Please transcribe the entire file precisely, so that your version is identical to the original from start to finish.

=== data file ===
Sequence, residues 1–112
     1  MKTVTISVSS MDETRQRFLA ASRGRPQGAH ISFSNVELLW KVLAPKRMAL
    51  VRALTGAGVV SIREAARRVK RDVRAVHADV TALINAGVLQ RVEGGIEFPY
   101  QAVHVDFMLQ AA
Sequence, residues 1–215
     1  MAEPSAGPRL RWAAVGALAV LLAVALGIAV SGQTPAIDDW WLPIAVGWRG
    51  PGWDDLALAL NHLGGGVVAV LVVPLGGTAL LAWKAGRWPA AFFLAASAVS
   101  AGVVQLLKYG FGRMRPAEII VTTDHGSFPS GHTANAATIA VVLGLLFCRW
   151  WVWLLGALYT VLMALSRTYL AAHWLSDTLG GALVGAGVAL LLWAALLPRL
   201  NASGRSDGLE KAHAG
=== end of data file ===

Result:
Sequence, residues 1–112
     1  MKTVTISVSS MDETRQRFLA ASRGRPQGAH ISFSNVELLW KVLAPKRMAL
    51  VRALTGAGVV SIREAARRVK RDVRAVHADV TALINAGVLQ RVEGGIEFPY
   101  QAVHVDFMLQ AA
Sequence, residues 1–215
     1  MAEPSAGPRL RWAAVGALAV LLAVALGIAV SGQTPAIDDW WLPIAVGWRG
    51  PGWDDLALAL NHLGGGVVAV LVVPLGGTAL LAWKAGRWPA AFFLAASAVS
   101  AGVVQLLKYG FGRMRPAEII VTTDHGSFPS GHTANAATIA VVLGLLFCRW
   151  WVWLLGALYT VLMALSRTYL AAHWLSDTLG GALVGAGVAL LLWAALLPRL
   201  NASGRSDGLE KAHAG